Sea Fishing Baits How to Find & Use Them
by Alan Young
96 pp, line-art drawings, 17 cm x 9 cm. Published by Herbert Jenkins in 1957.
Sea Fishing Baits – How to Find & Use Them. Every angler knows the standard baits, such as lugworms, peeler crabs, ragworm and mussels, etc. and most anglers know some equally good alternatives. But what about the host of other baits which are not generally known because they are not universally obtainable? Or the baits which are easy to come by in most cases, are often deadly, yet remain largely neglected because they are not known as baits?
In this book Alan Young discusses all baits, showing where they are to be found, how they can be kept in condition, and how to use them on the hook.
This little hardcover book was one in a series of 15 designed provide the angling public toilet what’s low-cost books which deal with individual British fish. Each is written by an expert who has made a special study of the particular species concerned, and each is complete in itself. Tackles and methods of fishing are clearly illustrated by line drawings.
The book itself is a little gem. Published in London by Herbert Jenkins in 1957, it is actually older than me. It has a blue hardcover complete with dark blue writing up the spine and is finished what’s a delightful picture on the dust cover which has barely faded despite being over 60 years old. The illustration is a really cool colour representation of the baits covered in the book. There is a table of contents at the front and an index at the back which makes it very easy to find the information you’re looking for.”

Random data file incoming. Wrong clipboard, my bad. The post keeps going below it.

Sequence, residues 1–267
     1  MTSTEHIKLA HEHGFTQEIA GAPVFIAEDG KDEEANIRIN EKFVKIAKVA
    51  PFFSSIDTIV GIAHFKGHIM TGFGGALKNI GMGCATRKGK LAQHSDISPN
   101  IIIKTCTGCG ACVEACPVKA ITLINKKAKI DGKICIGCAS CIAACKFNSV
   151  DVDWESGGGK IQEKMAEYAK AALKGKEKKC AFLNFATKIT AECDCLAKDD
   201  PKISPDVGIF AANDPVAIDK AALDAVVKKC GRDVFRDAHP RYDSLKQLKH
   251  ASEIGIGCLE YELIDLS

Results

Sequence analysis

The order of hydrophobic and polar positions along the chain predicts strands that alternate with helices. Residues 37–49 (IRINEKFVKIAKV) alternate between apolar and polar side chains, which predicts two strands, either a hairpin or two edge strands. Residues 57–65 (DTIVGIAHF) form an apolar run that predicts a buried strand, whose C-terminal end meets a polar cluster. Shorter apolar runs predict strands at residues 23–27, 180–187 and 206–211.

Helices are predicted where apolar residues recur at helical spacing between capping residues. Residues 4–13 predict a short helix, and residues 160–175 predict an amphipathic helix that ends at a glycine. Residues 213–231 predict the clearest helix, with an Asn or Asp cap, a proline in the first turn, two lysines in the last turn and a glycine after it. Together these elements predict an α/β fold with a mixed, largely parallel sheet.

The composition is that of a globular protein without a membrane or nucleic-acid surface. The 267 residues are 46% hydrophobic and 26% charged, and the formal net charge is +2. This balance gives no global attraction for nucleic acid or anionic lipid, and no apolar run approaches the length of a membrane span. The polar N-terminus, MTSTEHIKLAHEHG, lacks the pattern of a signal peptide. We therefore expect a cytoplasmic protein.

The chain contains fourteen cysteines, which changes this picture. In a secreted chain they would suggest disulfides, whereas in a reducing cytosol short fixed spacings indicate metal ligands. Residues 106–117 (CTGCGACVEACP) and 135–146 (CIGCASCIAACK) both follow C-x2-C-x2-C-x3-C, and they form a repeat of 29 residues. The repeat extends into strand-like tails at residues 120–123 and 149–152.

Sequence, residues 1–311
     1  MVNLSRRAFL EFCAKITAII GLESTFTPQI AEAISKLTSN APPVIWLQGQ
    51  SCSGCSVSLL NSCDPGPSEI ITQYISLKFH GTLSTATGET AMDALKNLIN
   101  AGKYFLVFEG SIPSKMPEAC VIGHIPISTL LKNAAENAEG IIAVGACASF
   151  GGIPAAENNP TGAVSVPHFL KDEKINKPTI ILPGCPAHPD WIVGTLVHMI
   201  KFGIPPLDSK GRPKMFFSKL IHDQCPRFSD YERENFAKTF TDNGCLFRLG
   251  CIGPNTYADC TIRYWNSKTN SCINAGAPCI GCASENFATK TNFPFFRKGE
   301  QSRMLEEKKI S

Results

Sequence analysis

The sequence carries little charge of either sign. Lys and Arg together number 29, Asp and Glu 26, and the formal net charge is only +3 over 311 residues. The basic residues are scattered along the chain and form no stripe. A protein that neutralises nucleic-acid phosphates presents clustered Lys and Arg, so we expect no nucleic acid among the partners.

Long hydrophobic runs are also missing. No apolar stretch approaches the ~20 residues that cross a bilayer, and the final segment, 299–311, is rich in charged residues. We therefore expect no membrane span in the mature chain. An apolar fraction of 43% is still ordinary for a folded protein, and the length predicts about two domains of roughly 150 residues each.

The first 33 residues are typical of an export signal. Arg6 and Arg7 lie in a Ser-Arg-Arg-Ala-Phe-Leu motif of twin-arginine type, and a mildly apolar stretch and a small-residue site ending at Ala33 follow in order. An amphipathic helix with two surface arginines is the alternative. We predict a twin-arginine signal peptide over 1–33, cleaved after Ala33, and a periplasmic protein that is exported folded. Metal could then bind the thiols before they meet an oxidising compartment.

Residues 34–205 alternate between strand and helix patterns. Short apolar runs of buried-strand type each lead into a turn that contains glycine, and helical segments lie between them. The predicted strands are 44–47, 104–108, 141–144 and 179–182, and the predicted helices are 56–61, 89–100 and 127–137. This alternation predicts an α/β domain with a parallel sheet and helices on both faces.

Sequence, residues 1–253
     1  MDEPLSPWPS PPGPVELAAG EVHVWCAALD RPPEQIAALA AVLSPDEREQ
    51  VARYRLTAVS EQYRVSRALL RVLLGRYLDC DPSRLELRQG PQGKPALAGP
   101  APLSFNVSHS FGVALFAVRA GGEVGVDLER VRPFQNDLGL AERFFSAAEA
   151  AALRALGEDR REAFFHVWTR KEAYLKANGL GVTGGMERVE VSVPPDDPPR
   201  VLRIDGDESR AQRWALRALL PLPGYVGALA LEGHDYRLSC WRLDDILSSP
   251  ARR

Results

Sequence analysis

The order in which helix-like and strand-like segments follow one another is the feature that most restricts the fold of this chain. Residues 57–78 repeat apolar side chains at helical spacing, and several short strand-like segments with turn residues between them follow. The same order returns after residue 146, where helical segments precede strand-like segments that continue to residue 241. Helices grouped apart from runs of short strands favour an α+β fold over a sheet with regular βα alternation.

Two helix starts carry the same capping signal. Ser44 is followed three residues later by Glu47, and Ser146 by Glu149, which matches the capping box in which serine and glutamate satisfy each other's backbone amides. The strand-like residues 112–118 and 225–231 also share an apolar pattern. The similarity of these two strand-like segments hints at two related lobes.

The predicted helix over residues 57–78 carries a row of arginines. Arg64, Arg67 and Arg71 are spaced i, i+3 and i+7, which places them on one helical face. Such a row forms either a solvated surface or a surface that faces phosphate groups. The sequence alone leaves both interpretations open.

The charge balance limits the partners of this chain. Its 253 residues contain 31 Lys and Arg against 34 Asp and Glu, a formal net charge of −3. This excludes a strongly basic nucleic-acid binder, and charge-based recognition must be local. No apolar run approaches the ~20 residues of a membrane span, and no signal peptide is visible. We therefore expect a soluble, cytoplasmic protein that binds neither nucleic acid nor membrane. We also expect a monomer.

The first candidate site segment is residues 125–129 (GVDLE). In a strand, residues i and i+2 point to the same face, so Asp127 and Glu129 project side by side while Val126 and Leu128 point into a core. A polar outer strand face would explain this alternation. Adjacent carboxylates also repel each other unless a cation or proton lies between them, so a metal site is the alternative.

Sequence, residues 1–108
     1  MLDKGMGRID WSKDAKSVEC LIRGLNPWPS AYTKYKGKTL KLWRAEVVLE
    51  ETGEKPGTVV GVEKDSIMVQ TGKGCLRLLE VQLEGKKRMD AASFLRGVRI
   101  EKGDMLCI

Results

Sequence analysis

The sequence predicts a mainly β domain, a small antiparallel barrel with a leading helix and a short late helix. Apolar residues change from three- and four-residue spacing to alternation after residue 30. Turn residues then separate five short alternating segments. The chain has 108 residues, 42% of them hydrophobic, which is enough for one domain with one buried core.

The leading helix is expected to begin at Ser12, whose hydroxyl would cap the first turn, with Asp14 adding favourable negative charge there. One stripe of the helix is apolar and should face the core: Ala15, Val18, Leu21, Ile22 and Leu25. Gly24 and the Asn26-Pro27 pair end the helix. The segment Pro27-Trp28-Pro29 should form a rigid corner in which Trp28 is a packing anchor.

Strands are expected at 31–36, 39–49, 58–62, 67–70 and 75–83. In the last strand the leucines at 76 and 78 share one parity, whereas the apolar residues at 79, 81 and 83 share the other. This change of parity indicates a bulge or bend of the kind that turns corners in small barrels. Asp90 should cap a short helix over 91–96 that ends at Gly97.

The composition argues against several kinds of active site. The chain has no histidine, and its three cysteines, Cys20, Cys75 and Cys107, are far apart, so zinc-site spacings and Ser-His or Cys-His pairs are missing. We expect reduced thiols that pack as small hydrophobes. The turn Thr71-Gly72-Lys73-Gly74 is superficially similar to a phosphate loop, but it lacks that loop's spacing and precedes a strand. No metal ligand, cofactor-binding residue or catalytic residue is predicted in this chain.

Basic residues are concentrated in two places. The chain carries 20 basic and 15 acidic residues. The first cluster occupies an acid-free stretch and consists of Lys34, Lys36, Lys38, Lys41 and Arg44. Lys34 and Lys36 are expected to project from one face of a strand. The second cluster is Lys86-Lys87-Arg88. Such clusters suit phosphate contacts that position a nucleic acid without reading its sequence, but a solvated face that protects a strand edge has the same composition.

Ok, some of the baits included like Piddocks, which is a bivalve shellfish found around Brittian that I have never heard of, might not be relevant to us here in New Zealand. Chapter 10 lists 36 fish species and the baits you should use to target them. Take the Conger Eel for example. Congers eat fish, squid, and all species of crab. Allan Young suggest the following when targeting congers. Fish, from sprat to herring size. Fillets from larger fish. Whole squid. Herrings and mackerel are good, but conger bait must be fresh, and fresh-caught pouting or whiting, for example, is likely to be a better bait than a slightly stale hearing bought from the fishmonger. All that sounds about right to me.
Here are the names of the chapter headings in Sea Fishing Baits – How to Find & Use Them.
Prawns and Shrimps.
Squid, Cuttle and Octopus.
Miscellaneous Baits: Groundbaits.
Fish Foods and Baits.
I picked up this copy for just $2.00 from a market in Nelson. Published in 1957 it is I guess now quite old. It is a delightful little book. I’m not suggesting you race out to get one but if you do manage to spot a copy I suggest you reel in as quickly as you can.